Ever try to explain a concept to your child and realize you are failing miserably?
This happens to me all the time.
Getting that glimpse of how differently they relate to the world is pretty special. It happened to me a few weeks ago...
My four-year-old and I went to the post office and I gave my change to a homeless man who always sits outside with a sign. On this particular day, my son questioned why I gave him my change.
At some point during the car ride home, I must have said something like "giving to those less fortunate" because hours later, that same night, the following conversation happened...
He asks me what "fortunate" means and I know immediately he is still thinking about the homeless man we encountered earlier.
He isn't satisfied with a synonym like "lucky" which I attempt at first. No, he desires a deeper explanation.
So I try.
I basically tell him that we are fortunate because we have a home and the homeless man might have to live in a cardboard box.
At first, I think I did a pretty good job.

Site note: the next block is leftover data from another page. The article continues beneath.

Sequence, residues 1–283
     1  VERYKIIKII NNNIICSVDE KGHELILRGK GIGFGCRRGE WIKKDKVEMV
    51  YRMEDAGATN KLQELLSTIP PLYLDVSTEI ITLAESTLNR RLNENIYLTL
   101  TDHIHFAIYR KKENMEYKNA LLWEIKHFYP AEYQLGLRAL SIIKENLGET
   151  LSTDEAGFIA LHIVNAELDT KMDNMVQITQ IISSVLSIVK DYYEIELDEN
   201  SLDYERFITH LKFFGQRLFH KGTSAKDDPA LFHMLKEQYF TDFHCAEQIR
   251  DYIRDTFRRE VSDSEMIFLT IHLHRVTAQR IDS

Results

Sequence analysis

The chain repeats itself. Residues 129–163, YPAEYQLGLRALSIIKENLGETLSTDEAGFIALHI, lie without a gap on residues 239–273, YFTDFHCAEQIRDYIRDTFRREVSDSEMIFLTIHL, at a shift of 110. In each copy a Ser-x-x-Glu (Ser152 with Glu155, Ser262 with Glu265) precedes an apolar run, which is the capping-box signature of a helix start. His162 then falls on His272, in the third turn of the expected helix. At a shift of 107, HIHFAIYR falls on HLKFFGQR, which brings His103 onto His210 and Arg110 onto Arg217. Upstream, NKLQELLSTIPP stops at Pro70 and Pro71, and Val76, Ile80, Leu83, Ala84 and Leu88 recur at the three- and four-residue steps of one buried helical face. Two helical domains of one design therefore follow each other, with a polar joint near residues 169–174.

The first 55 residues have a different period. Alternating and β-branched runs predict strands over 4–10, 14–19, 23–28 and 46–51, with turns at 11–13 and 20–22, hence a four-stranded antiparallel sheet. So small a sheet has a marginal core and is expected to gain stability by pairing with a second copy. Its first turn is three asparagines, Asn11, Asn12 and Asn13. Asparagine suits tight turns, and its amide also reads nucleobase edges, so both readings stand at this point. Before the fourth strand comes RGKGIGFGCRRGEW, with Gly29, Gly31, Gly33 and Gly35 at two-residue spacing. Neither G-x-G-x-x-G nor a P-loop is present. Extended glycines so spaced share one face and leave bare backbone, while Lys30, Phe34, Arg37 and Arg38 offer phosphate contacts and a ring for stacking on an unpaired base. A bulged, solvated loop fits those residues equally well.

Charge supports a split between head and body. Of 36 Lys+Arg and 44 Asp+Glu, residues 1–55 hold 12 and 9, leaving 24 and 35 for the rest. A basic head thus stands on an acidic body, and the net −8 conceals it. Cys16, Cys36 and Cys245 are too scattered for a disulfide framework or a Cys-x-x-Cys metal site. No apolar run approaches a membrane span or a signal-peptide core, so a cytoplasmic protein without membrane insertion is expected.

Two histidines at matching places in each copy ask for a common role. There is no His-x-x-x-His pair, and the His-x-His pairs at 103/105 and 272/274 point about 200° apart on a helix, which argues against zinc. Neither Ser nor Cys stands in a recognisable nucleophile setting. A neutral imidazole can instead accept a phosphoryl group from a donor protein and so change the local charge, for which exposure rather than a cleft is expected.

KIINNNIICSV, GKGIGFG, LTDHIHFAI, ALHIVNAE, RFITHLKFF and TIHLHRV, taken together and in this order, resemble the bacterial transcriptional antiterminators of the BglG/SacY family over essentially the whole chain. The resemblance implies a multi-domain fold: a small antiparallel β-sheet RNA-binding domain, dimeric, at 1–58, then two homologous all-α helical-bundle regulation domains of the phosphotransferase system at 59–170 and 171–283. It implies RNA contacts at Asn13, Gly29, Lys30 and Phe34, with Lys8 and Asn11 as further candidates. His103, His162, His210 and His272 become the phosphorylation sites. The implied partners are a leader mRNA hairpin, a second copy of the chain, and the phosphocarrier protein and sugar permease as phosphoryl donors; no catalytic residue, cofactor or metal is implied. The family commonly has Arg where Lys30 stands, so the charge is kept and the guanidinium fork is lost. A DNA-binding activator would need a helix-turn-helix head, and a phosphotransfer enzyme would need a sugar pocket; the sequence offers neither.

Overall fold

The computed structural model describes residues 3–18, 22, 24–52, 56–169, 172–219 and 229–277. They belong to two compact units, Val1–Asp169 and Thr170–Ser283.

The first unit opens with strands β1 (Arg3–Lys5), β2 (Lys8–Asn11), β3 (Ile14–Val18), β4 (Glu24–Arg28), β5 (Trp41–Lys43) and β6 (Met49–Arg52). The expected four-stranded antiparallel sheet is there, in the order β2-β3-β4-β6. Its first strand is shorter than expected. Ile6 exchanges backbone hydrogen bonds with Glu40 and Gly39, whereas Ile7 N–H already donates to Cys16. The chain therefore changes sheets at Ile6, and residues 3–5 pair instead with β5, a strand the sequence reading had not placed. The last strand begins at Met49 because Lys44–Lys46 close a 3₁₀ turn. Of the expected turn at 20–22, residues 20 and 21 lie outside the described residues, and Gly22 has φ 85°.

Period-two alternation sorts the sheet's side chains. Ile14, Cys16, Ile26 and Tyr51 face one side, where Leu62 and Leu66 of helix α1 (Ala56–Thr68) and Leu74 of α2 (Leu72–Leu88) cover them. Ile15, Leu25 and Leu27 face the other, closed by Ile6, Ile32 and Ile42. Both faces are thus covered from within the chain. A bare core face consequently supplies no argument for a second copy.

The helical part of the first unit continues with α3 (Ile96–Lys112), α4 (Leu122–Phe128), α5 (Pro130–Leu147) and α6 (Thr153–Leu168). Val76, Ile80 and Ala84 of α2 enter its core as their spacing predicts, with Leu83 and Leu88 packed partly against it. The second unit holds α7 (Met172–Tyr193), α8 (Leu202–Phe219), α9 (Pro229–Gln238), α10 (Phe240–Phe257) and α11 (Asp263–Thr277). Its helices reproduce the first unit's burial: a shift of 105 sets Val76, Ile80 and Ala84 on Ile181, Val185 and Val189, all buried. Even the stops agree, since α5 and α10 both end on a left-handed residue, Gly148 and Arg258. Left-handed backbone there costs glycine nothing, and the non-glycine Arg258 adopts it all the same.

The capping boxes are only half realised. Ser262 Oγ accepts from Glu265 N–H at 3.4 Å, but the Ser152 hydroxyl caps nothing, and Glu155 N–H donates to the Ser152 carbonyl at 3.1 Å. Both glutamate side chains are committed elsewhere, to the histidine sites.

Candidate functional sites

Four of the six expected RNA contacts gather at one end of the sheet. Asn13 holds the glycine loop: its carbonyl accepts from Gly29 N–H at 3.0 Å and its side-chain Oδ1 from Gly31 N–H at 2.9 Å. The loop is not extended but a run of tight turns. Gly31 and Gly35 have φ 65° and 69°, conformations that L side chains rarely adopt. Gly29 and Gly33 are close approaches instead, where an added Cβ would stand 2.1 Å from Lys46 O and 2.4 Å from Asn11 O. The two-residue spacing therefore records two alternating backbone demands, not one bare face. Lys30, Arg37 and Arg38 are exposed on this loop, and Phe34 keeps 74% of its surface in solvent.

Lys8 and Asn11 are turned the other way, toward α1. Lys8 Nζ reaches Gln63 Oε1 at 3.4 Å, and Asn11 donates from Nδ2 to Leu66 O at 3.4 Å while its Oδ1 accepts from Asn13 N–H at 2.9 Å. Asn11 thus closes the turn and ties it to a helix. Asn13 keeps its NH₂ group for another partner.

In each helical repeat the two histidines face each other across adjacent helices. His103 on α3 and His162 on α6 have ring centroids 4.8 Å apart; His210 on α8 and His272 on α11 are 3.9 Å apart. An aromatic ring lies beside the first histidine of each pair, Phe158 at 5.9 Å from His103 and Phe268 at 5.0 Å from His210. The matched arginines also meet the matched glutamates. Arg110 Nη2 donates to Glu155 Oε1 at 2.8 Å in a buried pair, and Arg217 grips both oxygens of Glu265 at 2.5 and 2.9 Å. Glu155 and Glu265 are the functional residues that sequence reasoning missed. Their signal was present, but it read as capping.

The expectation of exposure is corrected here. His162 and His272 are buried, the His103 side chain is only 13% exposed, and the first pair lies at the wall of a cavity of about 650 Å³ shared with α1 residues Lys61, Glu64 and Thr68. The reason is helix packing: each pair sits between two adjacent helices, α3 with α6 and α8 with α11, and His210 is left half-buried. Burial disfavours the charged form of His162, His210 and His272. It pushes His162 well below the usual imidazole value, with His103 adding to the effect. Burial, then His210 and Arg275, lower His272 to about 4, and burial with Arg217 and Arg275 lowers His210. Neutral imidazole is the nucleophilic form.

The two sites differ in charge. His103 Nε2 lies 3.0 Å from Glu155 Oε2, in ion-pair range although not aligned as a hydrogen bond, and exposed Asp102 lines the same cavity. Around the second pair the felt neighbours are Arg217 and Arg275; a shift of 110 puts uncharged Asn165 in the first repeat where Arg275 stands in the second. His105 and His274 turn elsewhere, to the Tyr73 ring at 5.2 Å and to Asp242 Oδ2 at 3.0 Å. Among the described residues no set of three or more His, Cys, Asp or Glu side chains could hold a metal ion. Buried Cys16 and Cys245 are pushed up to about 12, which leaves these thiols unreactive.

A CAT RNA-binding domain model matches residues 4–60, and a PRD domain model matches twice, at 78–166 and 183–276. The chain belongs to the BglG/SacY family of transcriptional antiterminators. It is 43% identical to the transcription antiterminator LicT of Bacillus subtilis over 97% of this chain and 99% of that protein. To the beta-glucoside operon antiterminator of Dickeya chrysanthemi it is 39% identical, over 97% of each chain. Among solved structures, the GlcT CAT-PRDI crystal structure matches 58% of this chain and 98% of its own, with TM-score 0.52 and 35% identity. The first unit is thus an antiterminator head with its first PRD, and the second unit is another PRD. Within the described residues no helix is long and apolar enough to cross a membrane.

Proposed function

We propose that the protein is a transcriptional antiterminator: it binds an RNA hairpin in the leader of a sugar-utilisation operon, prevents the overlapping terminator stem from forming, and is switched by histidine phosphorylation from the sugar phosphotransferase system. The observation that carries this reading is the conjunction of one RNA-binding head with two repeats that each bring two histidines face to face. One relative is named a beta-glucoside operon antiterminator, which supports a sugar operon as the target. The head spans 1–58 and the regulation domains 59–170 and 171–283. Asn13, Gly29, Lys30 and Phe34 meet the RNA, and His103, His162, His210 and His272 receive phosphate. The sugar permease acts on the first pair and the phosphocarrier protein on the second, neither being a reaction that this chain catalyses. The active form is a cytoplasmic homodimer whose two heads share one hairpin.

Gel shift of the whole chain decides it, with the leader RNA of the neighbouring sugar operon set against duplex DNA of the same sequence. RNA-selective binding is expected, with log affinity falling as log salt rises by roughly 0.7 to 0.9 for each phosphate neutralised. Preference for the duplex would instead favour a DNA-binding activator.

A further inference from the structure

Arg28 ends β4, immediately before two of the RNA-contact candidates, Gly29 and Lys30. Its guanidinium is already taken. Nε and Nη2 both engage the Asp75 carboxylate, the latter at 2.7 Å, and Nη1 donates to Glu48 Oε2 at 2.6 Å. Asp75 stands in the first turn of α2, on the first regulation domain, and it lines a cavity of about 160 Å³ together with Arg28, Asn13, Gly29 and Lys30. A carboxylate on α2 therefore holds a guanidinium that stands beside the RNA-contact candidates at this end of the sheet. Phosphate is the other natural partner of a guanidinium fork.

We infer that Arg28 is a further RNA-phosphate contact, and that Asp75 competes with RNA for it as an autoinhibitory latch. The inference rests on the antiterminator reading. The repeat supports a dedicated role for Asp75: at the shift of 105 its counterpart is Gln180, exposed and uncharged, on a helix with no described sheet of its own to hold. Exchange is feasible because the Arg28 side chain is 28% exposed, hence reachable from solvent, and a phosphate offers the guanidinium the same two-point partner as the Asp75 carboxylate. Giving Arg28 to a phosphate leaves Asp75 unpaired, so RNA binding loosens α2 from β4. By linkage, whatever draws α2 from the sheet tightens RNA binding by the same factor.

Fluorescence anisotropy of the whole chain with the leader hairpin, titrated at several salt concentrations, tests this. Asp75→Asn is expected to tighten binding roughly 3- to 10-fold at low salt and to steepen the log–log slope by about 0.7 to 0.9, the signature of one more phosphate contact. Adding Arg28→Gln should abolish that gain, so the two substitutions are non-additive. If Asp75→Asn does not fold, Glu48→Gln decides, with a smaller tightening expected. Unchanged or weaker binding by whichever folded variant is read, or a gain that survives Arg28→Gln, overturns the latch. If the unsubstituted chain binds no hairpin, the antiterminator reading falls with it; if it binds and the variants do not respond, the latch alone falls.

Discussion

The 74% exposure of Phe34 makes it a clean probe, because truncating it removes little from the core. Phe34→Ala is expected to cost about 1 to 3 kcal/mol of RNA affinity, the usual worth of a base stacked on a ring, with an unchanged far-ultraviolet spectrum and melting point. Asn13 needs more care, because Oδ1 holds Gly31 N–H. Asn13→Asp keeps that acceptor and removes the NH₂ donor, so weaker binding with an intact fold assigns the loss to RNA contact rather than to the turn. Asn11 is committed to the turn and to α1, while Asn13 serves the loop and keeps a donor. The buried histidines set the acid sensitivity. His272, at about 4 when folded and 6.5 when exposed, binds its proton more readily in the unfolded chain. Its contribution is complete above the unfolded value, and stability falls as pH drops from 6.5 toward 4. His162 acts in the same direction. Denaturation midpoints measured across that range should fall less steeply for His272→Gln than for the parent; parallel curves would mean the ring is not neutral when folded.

But he latches onto the cardboard box idea too eagerly. Too enthusiastically.
And by the look on his face I can tell he has the wrong idea.
So I try again. Further explaining how it would basically suck to be homeless. Being an adult female, I mention not having a bathroom. Obviously.
He asks me where the man goes to the bathroom to clarify.
I could tell I have failed once again.
So I get smarter.
I think about who my audience is.
And try again.
Having no freezer in your cardboard box has lots of consequences.
He gets it. Fully understands the impact.
So much so that he is downright concerned. He comes up with his own charitable idea.
And I say sure. That we can ask the man if he wants one.
So if you ever see a little boy handing an ice cream treat to a homeless man at the post office...
Well, that little boy just might be mine.
And THIS is what fortunate means.
Original article published on the blog Parenting. Illustrated with Crappy Pictures
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